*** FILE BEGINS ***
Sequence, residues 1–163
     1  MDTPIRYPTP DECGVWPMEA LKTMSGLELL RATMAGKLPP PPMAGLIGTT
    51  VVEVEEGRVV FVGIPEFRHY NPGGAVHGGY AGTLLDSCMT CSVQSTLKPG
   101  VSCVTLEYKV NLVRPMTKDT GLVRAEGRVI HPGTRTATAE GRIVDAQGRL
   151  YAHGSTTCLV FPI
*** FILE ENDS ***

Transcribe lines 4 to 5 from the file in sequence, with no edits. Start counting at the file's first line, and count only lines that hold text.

   101  VSCVTLEYKV NLVRPMTKDT GLVRAEGRVI HPGTRTATAE GRIVDAQGRL
   151  YAHGSTTCLV FPI